First Author: Elizabeth S. John, University of Central Florida College of Medicine
Introduction: Colon cancer is the third most common cause of cancer death in the United States, with approximately 136,830 new cases being diagnosed annually. Various diagnostic tests, such as colonoscopies, flexible sigmoidoscopies, fecal occult blood tests (FOBT), CT colonoscopies, and virtual colonography, are utilized to screen for and diagnose colon cancer. The Internet has become a prominent tool patients utilize for online health information to garner a more comprehensive understanding of their conditions. This study investigates the readability of online patient education articles about five common colon cancer screening tools - colonoscopy, flexible sigmoidoscopy, FOBT, CT colonoscopy, and virtual colonography - to determine if they are written at a grade level that will facilitate patient understanding.
Methods: The five tests were searched online, and the readability levels of the top twenty results for each test were analyzed. One article was eliminated from analysis because the text was too short. Scientific literature and articles on patient blogs or forums were excluded as well. Ten validated readability scales were used to measure the grade levels of each of the articles. One-way ANOVA and Tukey Honestly Statistically Different (HSD) post hoc analyses were performed on all the results to determine if there were any statistically significant differences among the readability of the literature on the five diagnostic tests.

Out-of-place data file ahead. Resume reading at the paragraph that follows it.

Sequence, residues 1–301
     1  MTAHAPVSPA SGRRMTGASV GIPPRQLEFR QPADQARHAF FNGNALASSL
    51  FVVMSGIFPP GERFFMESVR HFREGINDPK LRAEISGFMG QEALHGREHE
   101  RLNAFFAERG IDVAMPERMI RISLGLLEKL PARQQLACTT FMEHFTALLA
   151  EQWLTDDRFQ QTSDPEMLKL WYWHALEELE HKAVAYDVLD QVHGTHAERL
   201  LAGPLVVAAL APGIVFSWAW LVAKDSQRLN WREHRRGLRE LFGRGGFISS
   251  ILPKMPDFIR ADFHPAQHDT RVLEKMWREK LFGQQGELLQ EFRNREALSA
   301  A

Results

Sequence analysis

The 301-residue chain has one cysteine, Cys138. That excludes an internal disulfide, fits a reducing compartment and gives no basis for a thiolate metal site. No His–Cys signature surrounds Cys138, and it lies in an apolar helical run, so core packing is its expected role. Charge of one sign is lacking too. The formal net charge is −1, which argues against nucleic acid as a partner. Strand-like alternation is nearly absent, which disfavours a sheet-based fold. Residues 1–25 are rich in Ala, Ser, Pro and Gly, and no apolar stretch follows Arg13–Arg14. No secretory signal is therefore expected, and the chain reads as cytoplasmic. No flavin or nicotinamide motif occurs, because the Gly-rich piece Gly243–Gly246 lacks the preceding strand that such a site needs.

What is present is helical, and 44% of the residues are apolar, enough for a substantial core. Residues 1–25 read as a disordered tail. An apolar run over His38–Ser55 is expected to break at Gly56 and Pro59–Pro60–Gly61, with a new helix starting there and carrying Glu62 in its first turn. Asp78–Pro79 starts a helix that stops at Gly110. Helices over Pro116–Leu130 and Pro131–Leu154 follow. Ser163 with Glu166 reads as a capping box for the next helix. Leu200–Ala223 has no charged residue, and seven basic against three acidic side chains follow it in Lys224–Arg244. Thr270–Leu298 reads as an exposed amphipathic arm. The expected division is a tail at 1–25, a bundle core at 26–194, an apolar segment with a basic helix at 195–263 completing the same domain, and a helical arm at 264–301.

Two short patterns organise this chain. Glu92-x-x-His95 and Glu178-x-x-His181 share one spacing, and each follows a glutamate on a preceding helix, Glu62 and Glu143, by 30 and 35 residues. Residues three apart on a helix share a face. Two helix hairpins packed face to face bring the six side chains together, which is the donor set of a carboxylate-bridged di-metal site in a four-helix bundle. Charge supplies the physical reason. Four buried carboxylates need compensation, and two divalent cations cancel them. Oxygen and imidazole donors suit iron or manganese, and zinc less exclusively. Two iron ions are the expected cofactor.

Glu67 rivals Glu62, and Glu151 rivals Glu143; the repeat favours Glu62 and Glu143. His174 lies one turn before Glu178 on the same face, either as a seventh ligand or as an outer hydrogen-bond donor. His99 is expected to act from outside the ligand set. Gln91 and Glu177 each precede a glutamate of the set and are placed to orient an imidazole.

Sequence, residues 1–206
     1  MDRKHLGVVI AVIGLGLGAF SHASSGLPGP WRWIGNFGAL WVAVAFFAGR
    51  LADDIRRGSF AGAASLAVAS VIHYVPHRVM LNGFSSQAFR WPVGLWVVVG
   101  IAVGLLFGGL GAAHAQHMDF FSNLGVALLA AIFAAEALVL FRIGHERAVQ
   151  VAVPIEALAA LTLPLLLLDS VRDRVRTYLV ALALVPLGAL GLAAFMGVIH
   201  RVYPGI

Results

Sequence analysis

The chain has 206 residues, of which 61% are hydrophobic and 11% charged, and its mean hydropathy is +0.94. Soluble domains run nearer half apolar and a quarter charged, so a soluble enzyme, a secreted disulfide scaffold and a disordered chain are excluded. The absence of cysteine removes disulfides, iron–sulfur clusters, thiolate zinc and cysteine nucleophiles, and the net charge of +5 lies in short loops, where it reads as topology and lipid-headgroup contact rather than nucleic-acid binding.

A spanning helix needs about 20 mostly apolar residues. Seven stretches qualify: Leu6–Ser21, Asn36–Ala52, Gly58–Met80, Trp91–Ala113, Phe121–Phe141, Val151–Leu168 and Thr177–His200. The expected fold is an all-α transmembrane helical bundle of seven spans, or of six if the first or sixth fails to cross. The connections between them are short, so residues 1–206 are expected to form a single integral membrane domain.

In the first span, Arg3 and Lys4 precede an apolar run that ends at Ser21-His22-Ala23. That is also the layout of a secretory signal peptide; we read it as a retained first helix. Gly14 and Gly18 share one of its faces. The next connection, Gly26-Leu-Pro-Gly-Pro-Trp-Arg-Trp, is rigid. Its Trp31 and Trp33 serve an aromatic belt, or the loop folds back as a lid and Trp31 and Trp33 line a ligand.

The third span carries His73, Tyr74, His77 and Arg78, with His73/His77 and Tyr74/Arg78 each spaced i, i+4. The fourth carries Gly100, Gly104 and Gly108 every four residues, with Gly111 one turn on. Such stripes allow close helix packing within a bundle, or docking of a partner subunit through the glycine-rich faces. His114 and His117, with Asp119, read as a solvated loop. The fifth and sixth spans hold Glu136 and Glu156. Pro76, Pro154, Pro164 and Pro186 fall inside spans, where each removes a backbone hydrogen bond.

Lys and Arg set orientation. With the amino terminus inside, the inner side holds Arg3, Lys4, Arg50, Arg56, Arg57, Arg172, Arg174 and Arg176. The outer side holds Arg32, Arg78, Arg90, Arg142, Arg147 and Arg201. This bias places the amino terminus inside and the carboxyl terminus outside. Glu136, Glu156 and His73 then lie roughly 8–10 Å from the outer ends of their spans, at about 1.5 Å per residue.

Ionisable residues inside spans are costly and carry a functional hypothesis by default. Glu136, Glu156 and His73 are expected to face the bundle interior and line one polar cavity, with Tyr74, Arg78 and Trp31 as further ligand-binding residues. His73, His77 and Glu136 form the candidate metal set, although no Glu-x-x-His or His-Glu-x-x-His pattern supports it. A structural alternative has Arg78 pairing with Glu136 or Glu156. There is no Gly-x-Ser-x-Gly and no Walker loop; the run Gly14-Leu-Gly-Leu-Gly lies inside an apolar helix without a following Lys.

Results: The 99 articles were collectively written at an 11.9 grade level, with none of the articles written below a 7th grade level. There were significant differences among the five categories of articles F(4,77) = 4.33, p = 0.0032 with CT colonoscopy and virtual colonoscopy written at a more difficult level compared to FOBT.
Conclusions and Relevance: As approximately 84 million American adults use the Internet to search for health and medical information, with over 70% of patients reporting that the information they garner from the Internet influences their treatment decisions, it is imperative to investigate the readability of online health information (2). The online articles in this study were all written at much higher grade levels than the NIH's and AMA's recommended 3rd to 7th grade levels (3-4). Because online health information is becoming a more prevalent aspect of patient care and compliance, patients could significantly benefit from this modality of information if it were written at a level that would facilitate understanding.